Medical Ethics and Autonomy
The term autonomy is derived from the Greek autos, which means self and from the term nomos meaning rule, governance or law. To be autonomous is to be self-determined and to be in control of one's life. In regards to medical care, being autonomous refers to one making a decision regarding personal medical care issues for his or her self.
Autonomy focuses on respecting the ability of a person to make health care decisions on their own. It is much more complex than considering who is in charge or who knows best the real issue is which of the basic ethical principals hold superiority in any given situation.
Religion is a reason for society trying to infringe upon one's right to choose. An example of this is with the Jehovah's Witness religion. The Witness religion has been an ongoing dilemma for many years. When it comes to receiving blood, or a blood born agent, they refuse the treatment regardless of the circumstances.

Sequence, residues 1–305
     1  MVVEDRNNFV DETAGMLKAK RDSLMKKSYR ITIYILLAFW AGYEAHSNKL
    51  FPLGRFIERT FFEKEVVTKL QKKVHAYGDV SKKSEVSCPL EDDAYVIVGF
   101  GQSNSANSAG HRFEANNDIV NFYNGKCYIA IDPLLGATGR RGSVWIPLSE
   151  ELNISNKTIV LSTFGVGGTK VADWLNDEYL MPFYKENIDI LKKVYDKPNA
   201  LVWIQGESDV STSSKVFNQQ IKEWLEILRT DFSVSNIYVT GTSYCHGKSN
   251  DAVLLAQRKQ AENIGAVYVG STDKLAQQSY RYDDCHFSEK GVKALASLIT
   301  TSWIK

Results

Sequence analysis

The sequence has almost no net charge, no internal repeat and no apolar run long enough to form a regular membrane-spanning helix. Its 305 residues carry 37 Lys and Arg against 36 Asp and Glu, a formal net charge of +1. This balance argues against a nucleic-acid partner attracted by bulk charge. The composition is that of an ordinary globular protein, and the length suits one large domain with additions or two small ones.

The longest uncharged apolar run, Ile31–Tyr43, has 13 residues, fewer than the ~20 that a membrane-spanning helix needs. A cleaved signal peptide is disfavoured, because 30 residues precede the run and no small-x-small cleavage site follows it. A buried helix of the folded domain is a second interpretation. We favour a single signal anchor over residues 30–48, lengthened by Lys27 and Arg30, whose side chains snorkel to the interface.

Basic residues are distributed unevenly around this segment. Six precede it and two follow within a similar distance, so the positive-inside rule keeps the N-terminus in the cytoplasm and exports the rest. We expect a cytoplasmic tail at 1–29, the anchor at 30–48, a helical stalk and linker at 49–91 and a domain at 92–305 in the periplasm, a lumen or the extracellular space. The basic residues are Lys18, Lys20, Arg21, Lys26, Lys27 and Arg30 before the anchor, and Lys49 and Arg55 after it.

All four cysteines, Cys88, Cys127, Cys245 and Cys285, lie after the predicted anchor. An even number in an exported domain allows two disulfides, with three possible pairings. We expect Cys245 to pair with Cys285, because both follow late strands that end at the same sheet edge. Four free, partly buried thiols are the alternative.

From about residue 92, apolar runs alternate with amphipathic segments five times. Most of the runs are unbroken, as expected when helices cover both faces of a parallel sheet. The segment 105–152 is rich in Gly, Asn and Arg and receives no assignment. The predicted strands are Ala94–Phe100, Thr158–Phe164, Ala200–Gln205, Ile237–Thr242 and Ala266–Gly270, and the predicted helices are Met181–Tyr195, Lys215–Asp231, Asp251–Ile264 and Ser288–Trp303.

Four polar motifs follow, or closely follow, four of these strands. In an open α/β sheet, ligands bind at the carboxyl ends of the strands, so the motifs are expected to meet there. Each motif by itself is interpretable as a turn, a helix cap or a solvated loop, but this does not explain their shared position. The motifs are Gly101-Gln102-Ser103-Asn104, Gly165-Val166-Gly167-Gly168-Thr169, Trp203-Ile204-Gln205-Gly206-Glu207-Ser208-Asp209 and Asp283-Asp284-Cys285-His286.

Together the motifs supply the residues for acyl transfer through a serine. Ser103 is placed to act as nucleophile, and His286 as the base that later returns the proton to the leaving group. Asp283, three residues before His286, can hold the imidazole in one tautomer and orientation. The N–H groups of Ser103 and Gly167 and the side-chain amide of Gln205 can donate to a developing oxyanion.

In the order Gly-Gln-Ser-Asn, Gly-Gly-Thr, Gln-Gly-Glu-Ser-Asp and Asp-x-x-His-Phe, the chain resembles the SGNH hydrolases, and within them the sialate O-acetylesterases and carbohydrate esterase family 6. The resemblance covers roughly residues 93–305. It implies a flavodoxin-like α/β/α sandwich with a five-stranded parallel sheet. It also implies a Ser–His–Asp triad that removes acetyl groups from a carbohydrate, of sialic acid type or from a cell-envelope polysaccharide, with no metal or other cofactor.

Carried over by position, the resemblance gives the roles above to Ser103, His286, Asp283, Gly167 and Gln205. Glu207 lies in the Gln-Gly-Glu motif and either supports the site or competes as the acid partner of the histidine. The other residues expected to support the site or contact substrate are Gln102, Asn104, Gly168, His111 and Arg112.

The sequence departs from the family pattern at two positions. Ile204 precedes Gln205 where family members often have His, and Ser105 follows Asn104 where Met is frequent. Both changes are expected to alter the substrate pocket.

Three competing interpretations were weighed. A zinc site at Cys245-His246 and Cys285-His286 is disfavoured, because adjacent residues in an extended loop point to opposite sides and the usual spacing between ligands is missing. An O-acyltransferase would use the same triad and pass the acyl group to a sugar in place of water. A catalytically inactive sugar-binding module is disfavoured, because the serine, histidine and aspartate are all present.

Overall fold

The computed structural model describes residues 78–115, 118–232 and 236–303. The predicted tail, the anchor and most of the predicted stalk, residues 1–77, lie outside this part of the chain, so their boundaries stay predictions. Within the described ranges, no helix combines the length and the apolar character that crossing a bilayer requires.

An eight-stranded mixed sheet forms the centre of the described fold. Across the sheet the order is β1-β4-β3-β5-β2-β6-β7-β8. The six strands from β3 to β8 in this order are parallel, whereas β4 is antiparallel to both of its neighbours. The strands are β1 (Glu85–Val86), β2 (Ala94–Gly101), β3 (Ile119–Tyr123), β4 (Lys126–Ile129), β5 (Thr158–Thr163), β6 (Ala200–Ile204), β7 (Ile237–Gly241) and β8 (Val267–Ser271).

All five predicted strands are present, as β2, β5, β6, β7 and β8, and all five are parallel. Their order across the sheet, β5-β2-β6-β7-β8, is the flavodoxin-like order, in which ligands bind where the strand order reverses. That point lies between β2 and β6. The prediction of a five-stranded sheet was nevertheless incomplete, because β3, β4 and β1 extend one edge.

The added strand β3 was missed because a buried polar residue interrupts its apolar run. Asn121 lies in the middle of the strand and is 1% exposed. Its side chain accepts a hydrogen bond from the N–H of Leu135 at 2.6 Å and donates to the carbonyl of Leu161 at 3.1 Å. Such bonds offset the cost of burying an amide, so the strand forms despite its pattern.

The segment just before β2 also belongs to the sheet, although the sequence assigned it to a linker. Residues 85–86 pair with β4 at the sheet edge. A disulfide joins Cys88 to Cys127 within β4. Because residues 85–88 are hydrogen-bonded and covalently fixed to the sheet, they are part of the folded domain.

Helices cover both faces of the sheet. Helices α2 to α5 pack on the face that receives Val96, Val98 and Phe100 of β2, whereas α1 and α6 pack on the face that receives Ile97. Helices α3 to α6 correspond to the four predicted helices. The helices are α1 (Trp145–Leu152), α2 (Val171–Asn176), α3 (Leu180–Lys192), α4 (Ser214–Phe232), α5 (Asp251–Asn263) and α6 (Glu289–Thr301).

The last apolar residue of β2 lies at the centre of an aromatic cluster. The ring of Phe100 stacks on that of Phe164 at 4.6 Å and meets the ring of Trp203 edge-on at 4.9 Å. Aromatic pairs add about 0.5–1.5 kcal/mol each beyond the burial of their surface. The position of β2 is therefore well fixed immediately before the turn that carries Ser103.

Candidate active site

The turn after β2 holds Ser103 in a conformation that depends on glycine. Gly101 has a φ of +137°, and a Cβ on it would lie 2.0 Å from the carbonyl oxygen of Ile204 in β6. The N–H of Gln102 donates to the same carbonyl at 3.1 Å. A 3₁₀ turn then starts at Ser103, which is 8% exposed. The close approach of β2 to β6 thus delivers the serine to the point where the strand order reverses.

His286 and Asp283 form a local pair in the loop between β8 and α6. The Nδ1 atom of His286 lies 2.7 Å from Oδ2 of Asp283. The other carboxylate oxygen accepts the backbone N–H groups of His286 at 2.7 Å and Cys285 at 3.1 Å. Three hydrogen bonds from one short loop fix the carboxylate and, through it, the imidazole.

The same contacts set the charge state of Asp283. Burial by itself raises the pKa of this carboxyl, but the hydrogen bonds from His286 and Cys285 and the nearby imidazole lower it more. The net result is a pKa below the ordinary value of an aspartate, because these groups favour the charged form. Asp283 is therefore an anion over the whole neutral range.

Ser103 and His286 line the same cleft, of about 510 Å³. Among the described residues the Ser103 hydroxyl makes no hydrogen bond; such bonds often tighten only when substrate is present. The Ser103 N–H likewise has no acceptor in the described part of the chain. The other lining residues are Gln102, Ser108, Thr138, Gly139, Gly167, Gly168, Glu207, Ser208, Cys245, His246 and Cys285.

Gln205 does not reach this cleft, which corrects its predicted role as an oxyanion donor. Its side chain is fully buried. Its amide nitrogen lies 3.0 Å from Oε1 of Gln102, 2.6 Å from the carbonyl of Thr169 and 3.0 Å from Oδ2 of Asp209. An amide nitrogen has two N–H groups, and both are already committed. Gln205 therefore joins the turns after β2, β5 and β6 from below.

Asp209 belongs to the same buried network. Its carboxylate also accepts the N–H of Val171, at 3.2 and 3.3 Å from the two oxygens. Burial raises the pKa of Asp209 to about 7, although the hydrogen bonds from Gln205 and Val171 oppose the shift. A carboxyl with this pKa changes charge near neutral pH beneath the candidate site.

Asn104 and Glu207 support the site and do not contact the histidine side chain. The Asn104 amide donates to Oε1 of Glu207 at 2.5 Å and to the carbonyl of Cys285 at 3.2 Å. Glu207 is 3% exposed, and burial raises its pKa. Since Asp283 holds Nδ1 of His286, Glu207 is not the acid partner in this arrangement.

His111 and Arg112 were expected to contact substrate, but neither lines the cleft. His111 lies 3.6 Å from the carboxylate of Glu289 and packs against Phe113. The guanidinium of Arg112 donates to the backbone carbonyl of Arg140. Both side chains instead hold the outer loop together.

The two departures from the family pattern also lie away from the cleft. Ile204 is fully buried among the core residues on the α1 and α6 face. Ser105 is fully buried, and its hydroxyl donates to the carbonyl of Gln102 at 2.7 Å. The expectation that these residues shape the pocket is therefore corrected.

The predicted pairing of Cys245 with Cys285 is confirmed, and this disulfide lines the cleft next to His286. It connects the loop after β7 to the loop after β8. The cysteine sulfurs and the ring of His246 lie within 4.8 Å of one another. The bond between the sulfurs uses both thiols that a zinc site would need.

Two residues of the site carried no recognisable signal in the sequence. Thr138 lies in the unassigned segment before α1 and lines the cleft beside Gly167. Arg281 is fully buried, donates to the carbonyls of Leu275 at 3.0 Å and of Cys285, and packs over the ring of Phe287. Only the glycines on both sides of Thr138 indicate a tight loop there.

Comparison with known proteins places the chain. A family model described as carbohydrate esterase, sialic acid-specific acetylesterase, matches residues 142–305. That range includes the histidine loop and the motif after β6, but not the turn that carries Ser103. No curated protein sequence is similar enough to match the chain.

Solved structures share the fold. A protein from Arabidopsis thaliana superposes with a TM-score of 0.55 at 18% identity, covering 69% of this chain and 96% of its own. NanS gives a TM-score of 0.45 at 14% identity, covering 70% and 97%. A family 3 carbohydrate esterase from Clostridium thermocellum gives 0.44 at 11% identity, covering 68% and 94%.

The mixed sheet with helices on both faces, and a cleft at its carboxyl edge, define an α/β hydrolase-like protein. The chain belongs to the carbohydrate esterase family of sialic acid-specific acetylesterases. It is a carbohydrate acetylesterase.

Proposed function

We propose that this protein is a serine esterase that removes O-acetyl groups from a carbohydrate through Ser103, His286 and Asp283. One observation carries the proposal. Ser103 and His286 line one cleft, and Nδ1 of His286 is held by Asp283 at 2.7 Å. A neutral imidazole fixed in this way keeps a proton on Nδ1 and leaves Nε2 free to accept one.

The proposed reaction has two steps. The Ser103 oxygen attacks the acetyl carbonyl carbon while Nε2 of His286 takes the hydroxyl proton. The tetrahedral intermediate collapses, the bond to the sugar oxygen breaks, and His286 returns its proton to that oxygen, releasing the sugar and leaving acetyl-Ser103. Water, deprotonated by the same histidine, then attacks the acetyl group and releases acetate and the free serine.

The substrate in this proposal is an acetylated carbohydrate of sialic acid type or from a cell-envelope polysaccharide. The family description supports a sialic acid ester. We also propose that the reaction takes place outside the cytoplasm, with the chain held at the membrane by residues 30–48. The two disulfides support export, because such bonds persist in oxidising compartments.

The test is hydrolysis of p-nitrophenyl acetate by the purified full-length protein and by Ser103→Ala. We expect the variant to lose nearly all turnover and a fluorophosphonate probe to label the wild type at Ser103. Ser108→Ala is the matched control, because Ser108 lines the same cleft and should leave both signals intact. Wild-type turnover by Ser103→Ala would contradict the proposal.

The Jehovah's Witness believe that the blood will poison their bodies from purity; this in turn would prevent them from going to heaven. A Jehovah's Witness may often consent to other forms of treatment to preserve life. A Witness will also sign a consent, which directs the medical provider to not administer blood under ay circumstances.
Often, the refusal of blood transfusions can result in the need for intensive care. Such additional treatment can also lead to more expensive treatment, a longer hospital stay, or could even result in the death of the patient.
There have been a number of cases presented to the court system over the refusal of blood treatment. The question we must ask is can the court system or even a physician paternalistically know what risks are in the best...